Both Los Alamos and Sandia National Laboratories, as well as the Kirtland Munitions Storage Complex that contains up to 2,000 nuclear warheads, fall within bounds of the archdiocese. The atomic bomb was designed, built, and assembled in Los Alamos. At Sandia, atomic bomb design and production was refined. The Trinity Site is where the first nuclear bomb was detonated, its fallout plume creating in the downwinders the first nuclear victims, and it too falls within the geograpic reach of the Archdiocese of Santa Fe.

While the uranium mines of the Southwest fall more under the Gallup than Santa Fe diocese, the nuclear enterprise in the state is broader than just the highly compensated lab workers who specifically make weapons. Gallup sits within the Navajo Nation, home of the Diné people, and it is in these and pueblo lands that the burden of nuclear extraction has fallen most heavily. In a panel following the mass, former governor of Cochiti Pueblo Regis Pecos said, “We cannot be an energy colony for the rest of the country. Our Land of Enchantment cannot become the wasteland for our country.”

In a figure that Wester returned to in the mass, in the after-mass interfaith panel, and in printed material, the Department of Energy is spending $9.4 billion for nuclear weapons in New Mexico in 2023. The state’s budget for that year is only $8.5 billion.

That number is a specific and cherished rebuttal to lines of questioning about how much money the nuclear enterprise brings to the state of New Mexico specifically. That money is, at best, unevenly distributed, with the highly skilled and educated laboratory workers of Los Alamos county disproportionately well off, while New Mexico broadly remains a grim outlier for child poverty statewide.

Redirecting that spending toward other avenues, like schools, water resources, and wildfire protection, are part of a broader moral aim about how New Mexico can move beyond an economy oriented around engines of destruction. Pecos, emphasizing that spending and extracting for nuclear enterprise was an ideological choice, said “we must denounce the doctrine of discovery and manifest destiny” that make such a choice possible.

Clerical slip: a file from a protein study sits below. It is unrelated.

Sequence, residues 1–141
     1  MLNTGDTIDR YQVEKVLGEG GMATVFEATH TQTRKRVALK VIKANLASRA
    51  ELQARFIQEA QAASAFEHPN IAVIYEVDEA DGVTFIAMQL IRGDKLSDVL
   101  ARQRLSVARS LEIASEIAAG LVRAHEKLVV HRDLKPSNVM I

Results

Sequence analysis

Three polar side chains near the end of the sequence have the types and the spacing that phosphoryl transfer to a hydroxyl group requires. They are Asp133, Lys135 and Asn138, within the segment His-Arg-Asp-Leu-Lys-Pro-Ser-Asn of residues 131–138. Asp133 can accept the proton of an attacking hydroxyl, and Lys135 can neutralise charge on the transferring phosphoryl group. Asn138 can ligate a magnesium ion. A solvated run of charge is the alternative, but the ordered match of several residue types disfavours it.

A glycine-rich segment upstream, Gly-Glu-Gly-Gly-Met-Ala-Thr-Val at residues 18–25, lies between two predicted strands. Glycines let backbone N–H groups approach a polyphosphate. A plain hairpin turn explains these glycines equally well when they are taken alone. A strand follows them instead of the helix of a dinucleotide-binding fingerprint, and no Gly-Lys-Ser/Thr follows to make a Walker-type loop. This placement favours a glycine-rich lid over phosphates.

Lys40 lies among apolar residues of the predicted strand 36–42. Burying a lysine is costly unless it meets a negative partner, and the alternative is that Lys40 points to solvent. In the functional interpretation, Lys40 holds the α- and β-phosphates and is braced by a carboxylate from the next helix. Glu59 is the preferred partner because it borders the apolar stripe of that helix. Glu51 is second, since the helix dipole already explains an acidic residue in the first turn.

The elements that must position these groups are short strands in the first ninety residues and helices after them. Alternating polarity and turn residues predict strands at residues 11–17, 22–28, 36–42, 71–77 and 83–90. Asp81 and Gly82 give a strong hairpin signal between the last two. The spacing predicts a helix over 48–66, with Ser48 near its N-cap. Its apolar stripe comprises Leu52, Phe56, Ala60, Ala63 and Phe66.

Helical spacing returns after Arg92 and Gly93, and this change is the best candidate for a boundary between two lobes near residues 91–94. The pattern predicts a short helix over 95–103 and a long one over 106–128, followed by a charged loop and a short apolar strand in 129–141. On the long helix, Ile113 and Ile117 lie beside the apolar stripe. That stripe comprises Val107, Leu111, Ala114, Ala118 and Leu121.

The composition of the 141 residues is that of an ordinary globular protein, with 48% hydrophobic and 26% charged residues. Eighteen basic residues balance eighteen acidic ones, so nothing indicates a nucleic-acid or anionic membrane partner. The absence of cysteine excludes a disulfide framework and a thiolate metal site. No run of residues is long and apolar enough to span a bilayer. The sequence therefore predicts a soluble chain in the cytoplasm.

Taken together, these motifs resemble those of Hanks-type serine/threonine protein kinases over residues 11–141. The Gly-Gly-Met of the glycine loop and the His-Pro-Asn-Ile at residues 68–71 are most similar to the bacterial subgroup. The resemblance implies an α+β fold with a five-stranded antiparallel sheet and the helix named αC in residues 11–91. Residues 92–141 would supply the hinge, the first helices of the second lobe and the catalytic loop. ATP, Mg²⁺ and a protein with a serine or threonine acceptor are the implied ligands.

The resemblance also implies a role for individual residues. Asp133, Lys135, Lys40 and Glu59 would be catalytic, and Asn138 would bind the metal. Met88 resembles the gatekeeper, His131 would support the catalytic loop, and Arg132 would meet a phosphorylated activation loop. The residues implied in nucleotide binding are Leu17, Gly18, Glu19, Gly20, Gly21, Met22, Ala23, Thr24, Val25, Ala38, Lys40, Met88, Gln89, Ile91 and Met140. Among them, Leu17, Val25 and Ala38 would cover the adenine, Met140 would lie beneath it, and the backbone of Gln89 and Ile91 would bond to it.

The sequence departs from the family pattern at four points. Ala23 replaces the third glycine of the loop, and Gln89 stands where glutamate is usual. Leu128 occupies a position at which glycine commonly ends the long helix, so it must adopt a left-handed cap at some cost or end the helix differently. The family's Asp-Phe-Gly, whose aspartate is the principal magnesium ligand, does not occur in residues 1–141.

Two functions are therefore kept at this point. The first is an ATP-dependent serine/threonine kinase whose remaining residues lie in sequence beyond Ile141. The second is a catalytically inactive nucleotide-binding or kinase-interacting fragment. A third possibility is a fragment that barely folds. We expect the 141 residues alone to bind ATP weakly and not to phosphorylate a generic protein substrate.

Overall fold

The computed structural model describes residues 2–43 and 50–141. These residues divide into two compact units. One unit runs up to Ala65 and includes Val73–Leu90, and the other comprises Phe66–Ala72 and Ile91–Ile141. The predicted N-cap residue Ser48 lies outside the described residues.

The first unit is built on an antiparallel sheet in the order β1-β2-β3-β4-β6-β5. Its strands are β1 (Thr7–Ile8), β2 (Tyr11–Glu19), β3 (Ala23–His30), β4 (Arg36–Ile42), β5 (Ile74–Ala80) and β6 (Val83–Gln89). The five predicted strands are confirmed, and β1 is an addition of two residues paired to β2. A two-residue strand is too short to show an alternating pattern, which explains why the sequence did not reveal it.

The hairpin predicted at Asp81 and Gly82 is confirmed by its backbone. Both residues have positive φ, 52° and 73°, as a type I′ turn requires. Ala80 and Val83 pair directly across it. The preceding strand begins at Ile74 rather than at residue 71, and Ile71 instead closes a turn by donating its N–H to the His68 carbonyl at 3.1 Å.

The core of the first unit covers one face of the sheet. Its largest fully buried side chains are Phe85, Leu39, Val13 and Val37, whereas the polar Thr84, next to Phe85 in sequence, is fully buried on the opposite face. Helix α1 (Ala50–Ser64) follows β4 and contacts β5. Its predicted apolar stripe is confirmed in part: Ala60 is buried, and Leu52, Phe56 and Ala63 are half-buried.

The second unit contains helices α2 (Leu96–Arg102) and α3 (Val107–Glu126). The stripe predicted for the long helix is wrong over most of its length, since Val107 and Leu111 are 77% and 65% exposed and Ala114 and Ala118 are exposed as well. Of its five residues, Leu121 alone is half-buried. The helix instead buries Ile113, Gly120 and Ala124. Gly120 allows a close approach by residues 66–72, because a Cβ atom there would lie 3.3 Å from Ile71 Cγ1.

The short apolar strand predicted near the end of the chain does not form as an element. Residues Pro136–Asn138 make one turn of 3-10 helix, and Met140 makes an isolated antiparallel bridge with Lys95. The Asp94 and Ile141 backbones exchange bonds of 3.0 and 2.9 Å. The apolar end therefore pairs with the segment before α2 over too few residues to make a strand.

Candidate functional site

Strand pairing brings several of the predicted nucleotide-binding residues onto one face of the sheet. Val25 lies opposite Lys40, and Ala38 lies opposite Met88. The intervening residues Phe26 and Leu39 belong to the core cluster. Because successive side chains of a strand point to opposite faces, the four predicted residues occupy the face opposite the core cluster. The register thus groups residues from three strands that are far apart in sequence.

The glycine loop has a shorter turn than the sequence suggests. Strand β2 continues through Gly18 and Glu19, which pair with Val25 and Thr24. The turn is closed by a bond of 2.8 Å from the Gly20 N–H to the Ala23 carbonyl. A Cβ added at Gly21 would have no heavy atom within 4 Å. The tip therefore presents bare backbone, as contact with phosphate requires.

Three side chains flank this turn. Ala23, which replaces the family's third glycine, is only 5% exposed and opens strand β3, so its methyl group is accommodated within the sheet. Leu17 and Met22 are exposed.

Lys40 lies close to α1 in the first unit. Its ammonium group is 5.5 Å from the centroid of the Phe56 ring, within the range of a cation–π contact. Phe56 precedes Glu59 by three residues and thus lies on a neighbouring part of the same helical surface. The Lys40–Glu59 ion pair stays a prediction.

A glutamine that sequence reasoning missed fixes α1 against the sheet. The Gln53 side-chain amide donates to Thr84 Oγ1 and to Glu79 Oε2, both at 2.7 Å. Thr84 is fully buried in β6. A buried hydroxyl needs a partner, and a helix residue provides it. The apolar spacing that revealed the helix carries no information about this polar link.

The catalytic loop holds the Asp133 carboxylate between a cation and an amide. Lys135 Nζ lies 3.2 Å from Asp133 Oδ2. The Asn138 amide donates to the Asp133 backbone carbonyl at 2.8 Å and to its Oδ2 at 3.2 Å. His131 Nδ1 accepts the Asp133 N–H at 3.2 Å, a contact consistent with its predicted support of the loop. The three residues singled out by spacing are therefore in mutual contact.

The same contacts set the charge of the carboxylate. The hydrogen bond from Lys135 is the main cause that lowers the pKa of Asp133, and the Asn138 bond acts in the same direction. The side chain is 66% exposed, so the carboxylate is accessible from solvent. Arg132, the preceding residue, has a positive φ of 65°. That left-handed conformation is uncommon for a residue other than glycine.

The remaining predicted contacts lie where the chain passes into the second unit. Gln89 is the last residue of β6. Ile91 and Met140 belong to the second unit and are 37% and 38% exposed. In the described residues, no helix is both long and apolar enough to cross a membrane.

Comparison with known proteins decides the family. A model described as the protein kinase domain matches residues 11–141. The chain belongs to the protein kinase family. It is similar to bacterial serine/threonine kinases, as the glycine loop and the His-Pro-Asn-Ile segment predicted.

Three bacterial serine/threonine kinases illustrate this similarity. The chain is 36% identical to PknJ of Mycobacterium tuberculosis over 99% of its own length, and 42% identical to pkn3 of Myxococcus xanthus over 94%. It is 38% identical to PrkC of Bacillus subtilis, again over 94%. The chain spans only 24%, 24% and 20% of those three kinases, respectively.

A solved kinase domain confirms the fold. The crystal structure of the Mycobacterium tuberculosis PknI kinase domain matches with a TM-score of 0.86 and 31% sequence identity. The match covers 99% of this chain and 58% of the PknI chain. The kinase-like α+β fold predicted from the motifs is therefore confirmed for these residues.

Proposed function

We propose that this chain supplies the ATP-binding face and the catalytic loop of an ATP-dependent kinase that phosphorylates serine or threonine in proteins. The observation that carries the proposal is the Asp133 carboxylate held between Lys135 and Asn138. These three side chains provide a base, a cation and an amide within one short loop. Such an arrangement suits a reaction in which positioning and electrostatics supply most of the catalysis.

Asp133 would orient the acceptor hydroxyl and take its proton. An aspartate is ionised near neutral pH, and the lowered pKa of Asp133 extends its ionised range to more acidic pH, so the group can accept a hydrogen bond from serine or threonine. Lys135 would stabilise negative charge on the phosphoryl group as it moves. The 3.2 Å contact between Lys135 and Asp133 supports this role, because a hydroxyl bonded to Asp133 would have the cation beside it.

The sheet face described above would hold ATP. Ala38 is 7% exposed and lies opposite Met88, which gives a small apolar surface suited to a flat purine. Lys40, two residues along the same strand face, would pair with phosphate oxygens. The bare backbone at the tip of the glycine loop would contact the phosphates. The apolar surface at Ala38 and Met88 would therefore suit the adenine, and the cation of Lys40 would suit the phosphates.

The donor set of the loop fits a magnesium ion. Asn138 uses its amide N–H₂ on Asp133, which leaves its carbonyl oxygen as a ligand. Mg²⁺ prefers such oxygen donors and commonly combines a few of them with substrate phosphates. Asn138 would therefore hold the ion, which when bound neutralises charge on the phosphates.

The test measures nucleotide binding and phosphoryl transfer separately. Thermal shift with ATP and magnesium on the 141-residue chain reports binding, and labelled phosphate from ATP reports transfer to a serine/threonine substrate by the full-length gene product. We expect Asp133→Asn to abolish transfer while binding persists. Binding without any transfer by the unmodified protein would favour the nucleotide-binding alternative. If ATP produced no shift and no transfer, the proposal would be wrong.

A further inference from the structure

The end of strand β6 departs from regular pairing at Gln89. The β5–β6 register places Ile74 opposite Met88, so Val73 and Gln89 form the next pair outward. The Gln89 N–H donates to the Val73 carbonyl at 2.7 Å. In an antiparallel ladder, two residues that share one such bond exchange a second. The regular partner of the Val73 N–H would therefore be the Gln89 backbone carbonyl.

Another panelist, Reverence Dr. Holly Beaumont of the Interfaith Worker Justice-NM, said an economic assessment of the nuclear industry in New Mexico is incomplete without looking at the harms from testing, from poor nuclear waste management, and especially from uranium mining, which has taken a special toll on Diné and Pueblo people.

The arguments are structured as calls to win over legislators, for attendees to repeat and train friends on in an explicitly nonpartisan call to shift New Mexico away from its recent restart of nuclear weapons production to instead do the work of disarmament. As such, the panelists sometimes spoke at cross purposes on the topic of peace.

The panelists shared language on universal, verifiable disarmament, though one reason for disarmament was to change the kinds of wars that can be fought, rather than prevent them. Citing President Joe Biden’s caution in directly confronting Russia on Ukraine, Beaumont said nuclear arsenals are “preventing us from addressing Putin’s genocide. We cannot save our brothers and sisters because we are terrified of starting the next war.”

Jay Coghlan of Nukewatch, invited by Wester to answer an audience question about Ukraine having lost deterrence when it returned Soviet nuclear weapons to Moscow, emphasized that Ukraine never had the controls to actually detonate nuclear weapons stored on its territory. Coghlan then echoed Beamont’s statement, saying “we can flip the argument, say that Russia is shielded from consequences because it has nuclear weapons. Deterrence has been flipped on its head.”


If nuclear weapons permit the powerful to wage war on the weak, and prevent allies from coming to their defense, then what can be done to end the threat posed by the weapons? Wester, in homily, told the assembled congregation that with Pope Francis the Catholic Church has moved beyond a past conditional acceptance of deterrence, in part because no country is willing to commit to minimal deterrence. Arsenals of hundreds and thousands of warheads are built to wage nuclear war, not keep it at bay.

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Asked, in our interview before the mass, if Wester expected lab workers to quit their jobs in protest, Wester said “I don’t expect somebody to quit their job, although I do think that individuals may in conscience feel they have to. But I’d love to see workers, engineers, nuclear scientists, at Los Alamos and Sandia starting to have conversations at lunch hour, at coffee, at the water cooler about this.”